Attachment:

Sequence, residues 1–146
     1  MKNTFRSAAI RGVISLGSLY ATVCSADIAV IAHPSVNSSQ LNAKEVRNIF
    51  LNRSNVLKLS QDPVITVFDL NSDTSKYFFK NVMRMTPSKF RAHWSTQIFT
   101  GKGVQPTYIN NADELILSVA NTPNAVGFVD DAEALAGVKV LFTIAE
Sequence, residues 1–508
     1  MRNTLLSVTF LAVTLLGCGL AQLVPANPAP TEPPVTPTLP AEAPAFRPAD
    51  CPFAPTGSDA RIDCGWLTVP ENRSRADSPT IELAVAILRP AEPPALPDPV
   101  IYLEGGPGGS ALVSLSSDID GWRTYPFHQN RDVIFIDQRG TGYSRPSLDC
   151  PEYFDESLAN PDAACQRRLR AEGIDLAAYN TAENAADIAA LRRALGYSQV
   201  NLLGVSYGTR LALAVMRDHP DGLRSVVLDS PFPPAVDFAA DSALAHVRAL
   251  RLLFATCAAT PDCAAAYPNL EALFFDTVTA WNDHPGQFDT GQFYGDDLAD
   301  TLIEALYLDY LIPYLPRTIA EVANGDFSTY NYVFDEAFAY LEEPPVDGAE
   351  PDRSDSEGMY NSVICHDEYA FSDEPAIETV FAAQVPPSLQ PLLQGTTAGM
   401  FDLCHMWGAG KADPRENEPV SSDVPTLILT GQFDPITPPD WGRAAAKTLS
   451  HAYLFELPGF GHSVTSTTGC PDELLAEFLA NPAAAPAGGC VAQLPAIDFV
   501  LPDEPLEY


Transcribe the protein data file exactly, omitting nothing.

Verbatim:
Sequence, residues 1–146
     1  MKNTFRSAAI RGVISLGSLY ATVCSADIAV IAHPSVNSSQ LNAKEVRNIF
    51  LNRSNVLKLS QDPVITVFDL NSDTSKYFFK NVMRMTPSKF RAHWSTQIFT
   101  GKGVQPTYIN NADELILSVA NTPNAVGFVD DAEALAGVKV LFTIAE
Sequence, residues 1–508
     1  MRNTLLSVTF LAVTLLGCGL AQLVPANPAP TEPPVTPTLP AEAPAFRPAD
    51  CPFAPTGSDA RIDCGWLTVP ENRSRADSPT IELAVAILRP AEPPALPDPV
   101  IYLEGGPGGS ALVSLSSDID GWRTYPFHQN RDVIFIDQRG TGYSRPSLDC
   151  PEYFDESLAN PDAACQRRLR AEGIDLAAYN TAENAADIAA LRRALGYSQV
   201  NLLGVSYGTR LALAVMRDHP DGLRSVVLDS PFPPAVDFAA DSALAHVRAL
   251  RLLFATCAAT PDCAAAYPNL EALFFDTVTA WNDHPGQFDT GQFYGDDLAD
   301  TLIEALYLDY LIPYLPRTIA EVANGDFSTY NYVFDEAFAY LEEPPVDGAE
   351  PDRSDSEGMY NSVICHDEYA FSDEPAIETV FAAQVPPSLQ PLLQGTTAGM
   401  FDLCHMWGAG KADPRENEPV SSDVPTLILT GQFDPITPPD WGRAAAKTLS
   451  HAYLFELPGF GHSVTSTTGC PDELLAEFLA NPAAAPAGGC VAQLPAIDFV
   501  LPDEPLEY